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Primary Submission Category: Heterogeneous Treatment Effects

Detecting Treatment Effect Disparities at Scale

Authors: Winston Chou, Nathan Kallus, Danielle Rich, William Nelson,

Presenting Author: Winston Chou*

Experimentation and causal inference increasingly drive innovation on digital platforms. Often, causal analyses focus on Average Treatment Effects (ATEs), which summarize the impact of a new product innovation across the user population. Yet, there is a growing recognition that such averages do not capture the full picture: ATEs can be dragged up or driven down by small user segments with a disproportionate reaction to the innovation, a positive ATE does not imply that a majority of members benefit from the treatment, and a null or statistically insignificant estimate of the ATE is not inconsistent with polarizing effects that lift metrics for some members and depress them for others.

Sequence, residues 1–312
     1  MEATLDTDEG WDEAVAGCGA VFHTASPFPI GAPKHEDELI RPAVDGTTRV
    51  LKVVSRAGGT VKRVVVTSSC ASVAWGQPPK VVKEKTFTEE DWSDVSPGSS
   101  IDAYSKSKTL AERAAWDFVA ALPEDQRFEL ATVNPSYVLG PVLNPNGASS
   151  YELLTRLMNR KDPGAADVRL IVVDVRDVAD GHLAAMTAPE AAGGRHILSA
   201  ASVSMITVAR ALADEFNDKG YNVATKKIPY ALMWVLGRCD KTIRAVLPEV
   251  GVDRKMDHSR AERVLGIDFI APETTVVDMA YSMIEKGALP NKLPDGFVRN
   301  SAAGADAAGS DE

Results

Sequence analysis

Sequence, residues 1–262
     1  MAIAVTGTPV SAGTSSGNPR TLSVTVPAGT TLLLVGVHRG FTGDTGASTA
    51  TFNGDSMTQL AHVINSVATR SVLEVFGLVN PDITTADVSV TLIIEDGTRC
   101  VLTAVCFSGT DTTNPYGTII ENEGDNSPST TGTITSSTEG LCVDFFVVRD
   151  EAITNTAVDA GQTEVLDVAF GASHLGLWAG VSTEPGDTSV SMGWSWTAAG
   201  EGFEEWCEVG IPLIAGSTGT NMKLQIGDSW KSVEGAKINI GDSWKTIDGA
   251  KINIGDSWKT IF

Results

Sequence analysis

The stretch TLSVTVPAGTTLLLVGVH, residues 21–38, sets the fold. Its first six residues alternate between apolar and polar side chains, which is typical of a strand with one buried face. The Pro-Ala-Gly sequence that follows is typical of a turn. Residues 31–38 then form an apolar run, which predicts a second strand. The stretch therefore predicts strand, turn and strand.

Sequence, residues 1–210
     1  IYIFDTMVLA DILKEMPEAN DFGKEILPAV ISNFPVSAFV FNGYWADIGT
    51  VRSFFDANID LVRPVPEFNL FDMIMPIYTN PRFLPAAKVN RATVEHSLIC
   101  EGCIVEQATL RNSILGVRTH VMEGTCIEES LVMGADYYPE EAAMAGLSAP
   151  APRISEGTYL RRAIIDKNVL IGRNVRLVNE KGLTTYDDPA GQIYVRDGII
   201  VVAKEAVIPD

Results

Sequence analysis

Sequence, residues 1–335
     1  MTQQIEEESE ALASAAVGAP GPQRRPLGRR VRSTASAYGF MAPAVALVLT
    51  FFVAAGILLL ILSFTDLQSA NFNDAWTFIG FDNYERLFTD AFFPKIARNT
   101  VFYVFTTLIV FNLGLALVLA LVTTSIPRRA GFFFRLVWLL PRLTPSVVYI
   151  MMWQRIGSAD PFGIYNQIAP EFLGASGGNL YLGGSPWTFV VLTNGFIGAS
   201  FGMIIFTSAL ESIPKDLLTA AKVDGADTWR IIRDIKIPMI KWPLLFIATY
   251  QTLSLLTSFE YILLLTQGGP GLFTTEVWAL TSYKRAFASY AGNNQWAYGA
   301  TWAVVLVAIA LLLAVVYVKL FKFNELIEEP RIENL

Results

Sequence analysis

In this paper, we describe a methodology, integrated into Netflix’s scaled experimentation platform, for estimating the range of Conditional Average Treatment Effects (CATEs) in an experiment. The bounds of this range correspond substantively to the treatment effects on the best- and worst- affected user segments in the experiment. We term the difference between these bounds the treatment effect disparity. In surfacing this disparity, our method identifies when product innovations have distinct and even polarizing effects on users and highlights opportunities to make product wins more equally distributed.